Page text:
Airplane-based abundance and distribution of seabirds off western iberia – monitoring towards conservation

Fernandes, H.A., 2021. Airplane-based abundance and distribution of seabirds off western Iberia; monitoring towards conservation (Doctoral dissertation, Universidade de Vigo).

In this thesis, multi-annual seabird distribution and abundance were investigated for the first time in WIW using aerial surveys. Each seabird distribution and abundance estimates were presented with the corresponding coefficient of variation (CV) and 95% confidence interval (CI) calculations. MaxEnt software was used to compute seasonal and inter-annual Habitat Suitability models for the Balearic Shearwater and the Northern Gannet. The predicted species distribution was based on occurrence probability in relation to habitat suitability. The use of models with different sets of environmental variables are particularly important in the marine environment because variability in ocean conditions may lead to identifiable species distribution changes (Becker et al. 2017). This modelling approach proved to be effective in determining areas of high and low use by the target species. These data are crucial to policy makers and stakeholders involved in conservation planning, particularly when defining marine protected areas (including SPAs) and threat mitigation measures.

In comparison to vessel platforms, airplane surveys are more cost-effective, use lower effort time and produce a lower responsive effect on seabirds. Data collected in airplane surveys allow estimating absolute and relative abundances and associated errors. Data also allow establishing temporal trends and they can be used to model species distribution. If a double platform is used, airplane surveys reduce the number of animals that are not detected on the line or have evasive responses. However, the availability of suitable platforms for aerial surveys is low, observers must be trained and experienced and the identification of similar species (e.g., Storm-petrels, some Larids and Shearwaters) is difficult. Also, there may be problems in estimating angles to sightings in high-density areas and in collecting additional oceanographic or climatic data. For less common species, there is a risk of high variability in the error associated with sampling, which can hamper the detection of small fluctuations. Overall, line transect aerial surveys proved to be a time and cost-effective method allowing for robust seabird abundance and density estimates across a large study area.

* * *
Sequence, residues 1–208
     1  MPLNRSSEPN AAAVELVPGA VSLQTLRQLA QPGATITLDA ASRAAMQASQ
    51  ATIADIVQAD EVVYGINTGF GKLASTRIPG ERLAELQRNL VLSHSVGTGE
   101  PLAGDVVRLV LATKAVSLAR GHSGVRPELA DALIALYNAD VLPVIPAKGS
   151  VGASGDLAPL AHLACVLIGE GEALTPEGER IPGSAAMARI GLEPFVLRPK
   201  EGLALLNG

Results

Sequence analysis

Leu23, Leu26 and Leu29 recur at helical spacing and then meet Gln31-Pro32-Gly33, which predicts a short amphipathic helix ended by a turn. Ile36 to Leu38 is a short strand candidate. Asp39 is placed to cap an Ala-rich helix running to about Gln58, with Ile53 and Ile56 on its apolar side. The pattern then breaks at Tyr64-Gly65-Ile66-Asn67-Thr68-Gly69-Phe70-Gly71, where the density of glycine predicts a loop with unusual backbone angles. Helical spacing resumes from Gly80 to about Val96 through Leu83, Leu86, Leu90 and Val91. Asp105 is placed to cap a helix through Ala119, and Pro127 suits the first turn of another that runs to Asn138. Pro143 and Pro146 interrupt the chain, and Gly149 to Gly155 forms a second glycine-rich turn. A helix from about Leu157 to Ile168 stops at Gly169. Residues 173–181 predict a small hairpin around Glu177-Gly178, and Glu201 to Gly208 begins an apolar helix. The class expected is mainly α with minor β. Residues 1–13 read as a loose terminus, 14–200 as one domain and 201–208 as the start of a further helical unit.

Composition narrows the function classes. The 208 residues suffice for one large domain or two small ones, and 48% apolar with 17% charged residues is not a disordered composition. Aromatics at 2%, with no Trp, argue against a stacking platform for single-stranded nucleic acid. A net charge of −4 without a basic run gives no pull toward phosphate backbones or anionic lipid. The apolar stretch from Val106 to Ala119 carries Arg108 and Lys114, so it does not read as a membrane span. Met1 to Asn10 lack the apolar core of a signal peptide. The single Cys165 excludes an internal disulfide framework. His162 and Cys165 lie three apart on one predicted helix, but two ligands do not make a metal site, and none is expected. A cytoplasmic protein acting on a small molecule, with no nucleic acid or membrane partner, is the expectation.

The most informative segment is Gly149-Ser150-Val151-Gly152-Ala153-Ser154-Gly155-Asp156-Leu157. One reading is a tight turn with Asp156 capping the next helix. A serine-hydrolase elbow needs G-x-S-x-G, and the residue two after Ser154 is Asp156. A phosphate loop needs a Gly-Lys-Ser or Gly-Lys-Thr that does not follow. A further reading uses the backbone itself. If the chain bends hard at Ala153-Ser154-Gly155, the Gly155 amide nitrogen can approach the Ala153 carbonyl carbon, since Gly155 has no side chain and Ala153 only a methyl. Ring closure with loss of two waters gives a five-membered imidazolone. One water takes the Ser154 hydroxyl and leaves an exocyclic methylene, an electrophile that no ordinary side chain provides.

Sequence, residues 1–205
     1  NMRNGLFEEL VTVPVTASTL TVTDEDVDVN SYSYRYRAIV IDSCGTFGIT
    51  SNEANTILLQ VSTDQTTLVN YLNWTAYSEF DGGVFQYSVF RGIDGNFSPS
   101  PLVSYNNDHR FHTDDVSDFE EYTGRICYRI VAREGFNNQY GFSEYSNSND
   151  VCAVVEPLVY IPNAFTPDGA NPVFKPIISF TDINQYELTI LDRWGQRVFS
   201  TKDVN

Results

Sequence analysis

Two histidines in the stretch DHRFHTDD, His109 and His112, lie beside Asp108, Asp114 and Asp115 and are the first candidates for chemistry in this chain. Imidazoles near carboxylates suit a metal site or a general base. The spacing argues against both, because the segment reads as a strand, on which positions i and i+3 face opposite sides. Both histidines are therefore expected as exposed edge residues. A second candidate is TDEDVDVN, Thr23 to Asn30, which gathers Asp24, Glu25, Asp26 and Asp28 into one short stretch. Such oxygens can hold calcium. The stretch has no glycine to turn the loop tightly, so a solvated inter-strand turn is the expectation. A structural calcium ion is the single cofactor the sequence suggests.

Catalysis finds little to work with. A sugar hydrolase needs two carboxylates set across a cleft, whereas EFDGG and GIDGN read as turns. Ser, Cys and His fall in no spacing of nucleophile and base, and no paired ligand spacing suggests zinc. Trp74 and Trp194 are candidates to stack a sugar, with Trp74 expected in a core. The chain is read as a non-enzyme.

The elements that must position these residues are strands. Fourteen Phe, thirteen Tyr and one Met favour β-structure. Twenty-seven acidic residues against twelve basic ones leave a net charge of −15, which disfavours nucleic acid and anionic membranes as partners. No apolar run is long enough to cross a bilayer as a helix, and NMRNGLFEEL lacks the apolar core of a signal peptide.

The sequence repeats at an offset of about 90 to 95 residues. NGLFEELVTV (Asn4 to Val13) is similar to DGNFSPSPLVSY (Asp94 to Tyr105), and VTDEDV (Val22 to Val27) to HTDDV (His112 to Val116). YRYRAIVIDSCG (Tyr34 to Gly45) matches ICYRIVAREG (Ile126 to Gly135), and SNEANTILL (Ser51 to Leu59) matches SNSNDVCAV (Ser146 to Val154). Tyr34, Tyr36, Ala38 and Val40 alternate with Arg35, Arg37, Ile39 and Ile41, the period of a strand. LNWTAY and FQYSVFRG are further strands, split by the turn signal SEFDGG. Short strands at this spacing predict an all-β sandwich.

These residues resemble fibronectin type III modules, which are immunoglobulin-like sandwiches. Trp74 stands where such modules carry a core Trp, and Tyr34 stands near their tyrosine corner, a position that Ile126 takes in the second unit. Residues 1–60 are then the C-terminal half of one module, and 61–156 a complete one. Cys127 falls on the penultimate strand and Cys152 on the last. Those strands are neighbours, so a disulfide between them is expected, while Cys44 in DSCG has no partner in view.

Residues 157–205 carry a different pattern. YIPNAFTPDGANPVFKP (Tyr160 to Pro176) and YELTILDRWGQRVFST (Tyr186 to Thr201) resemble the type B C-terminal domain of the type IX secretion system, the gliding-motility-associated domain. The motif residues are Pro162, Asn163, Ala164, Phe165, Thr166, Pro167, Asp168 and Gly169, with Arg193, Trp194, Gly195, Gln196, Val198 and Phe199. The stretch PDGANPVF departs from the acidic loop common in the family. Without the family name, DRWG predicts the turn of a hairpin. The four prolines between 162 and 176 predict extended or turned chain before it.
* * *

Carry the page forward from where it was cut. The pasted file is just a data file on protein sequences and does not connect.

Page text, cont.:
The information collected in this thesis contributed to understand the distribution and abundance of the target species, being necessary for EU member states, such as Portugal and Spain, so that they can meet the European Marine Framework Strategy Directive and the Birds Directive. Furthermore, this information can help decision-makers designate or review proposed marine protection areas. In this study it was also possible to estimate Balearic Shearwater and Northern Gannet PBR in relation to bycatch. Areas of higher bycatch risk were mapped and results emphasised that Balearic Shearwaters bycatch mortality was above the PBR threshold (mostly due to set nets in the Polyvalent fleet). Northern Gannet bycatch mortality was at the PBR limit (mostly due to the Longliner and Polyvalent fleets). These data highlighted the necessity for implementation of mitigation measures to reduce seabird bycatch in fisheries, defined and enforced by European or national governmental agencies, to particularly with focus on the critically endangered Balearic Shearwater.



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